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It is not known precisely when construction of Colchester Castle began, but it was probably started in the 1070s or 1080s on the orders of William the Conqueror. The Castle was sited on the great stone base of what had been the Roman Temple of Claudius. William was linking his authority to that of the Roman emperors before him.

The keep is the largest surviving example built by the Normans, measuring 46m by 33.5m. Its ground plan is shared in England only by the White Tower at the Tower of London which makes Gundulph, Bishop of Rochester the likely designer of both castles.

Faced with a lack of good quality building stone, the Normans used the ruins of Roman Colchester to provide most of the brick and stone that they needed. The Castle was built in two stages.  The first phase keep was only one storey high as is shown by the battlement which can still be seen clearly on some areas of the outer walls. The second phase of construction from about 1106 was entrusted to Eudo, who served the first three Norman kings as Steward of Normandy. The walls were raised higher, though how high is still a matter for debate. The traditional view is that the Castle was a three storey building. However, new evidence and a re-appraisal of the arguments suggest that the Castle was always roughly at the height it is today.

There are important surviving Norman features still to be seen in the Castle. The entrance doorway, which was originally protected by a fore-building, has a fine arch which is partly built of Caen stone brought from Normandy. The Great Stair, rising in the south west corner tower, is the largest winding stone staircase in Britain. The first floor fireplaces are early examples of their kind and have Y-shaped chimneys that discharge through holes in the walls. The royal apartments were situated in the east gallery on the first floor, a fact marked by the presence of an adjoining chapel or crypt, and a toilet!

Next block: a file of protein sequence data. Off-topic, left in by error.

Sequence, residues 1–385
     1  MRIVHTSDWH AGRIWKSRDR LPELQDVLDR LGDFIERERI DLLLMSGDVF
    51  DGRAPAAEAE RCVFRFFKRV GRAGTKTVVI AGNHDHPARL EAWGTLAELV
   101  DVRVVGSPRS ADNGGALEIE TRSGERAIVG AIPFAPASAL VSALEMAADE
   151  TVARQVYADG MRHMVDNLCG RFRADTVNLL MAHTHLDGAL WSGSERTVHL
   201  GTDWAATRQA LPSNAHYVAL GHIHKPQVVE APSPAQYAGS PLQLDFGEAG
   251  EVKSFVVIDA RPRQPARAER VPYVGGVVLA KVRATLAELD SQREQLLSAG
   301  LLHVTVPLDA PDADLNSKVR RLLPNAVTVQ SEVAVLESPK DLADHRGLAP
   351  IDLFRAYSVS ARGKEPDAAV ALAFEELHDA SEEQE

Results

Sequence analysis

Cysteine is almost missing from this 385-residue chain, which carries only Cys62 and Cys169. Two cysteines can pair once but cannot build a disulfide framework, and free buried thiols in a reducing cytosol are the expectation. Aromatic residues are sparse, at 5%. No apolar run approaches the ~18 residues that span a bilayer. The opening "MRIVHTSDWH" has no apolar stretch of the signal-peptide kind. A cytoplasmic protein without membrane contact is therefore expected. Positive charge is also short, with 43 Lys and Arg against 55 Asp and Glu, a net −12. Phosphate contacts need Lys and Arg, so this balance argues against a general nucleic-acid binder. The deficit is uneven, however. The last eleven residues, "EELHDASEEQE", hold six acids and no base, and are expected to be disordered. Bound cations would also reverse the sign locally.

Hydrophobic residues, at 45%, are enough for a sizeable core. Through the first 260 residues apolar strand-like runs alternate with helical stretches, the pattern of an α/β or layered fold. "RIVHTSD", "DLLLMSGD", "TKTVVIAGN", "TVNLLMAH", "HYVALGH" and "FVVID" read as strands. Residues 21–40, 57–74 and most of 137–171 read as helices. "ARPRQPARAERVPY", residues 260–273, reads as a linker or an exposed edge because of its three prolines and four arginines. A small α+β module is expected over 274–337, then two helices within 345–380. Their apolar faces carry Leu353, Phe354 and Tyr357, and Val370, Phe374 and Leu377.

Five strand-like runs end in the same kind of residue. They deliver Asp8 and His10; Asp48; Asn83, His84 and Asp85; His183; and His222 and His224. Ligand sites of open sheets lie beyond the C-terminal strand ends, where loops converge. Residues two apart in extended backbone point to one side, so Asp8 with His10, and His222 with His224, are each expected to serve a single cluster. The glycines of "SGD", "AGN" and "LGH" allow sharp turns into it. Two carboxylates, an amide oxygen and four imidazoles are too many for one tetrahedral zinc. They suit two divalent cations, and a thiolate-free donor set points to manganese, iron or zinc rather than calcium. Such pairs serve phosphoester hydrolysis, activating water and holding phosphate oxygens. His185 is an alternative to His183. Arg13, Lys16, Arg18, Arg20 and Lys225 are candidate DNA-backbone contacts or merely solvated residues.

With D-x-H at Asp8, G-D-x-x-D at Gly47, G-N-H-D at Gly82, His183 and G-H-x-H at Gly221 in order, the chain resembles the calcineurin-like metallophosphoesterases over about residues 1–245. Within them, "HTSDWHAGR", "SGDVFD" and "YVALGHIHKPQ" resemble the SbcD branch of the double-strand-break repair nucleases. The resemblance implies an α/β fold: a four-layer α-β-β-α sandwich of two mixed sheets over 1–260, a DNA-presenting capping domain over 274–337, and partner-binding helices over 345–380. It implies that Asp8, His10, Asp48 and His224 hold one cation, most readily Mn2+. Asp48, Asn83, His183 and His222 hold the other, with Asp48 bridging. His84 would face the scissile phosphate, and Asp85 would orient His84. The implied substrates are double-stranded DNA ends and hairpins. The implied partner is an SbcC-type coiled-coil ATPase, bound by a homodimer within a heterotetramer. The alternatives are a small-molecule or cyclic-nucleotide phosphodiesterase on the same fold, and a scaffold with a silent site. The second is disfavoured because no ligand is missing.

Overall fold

Surrounding the keep was a large bank and ditch, of which only the north and east sections survive substantially intact. Within this area, called the bailey, only the foundations of a chapel can still be seen, but there would have been many other buildings such as stables, storehouses and workshops. On the north side of the keep a lower bailey extended down to the town walls.

The Castle was a royal fortress throughout the Norman period. It only saw serious action once, in 1216, when King John had to retake it from a French occupying force which was supporting a revolt by the English barons.

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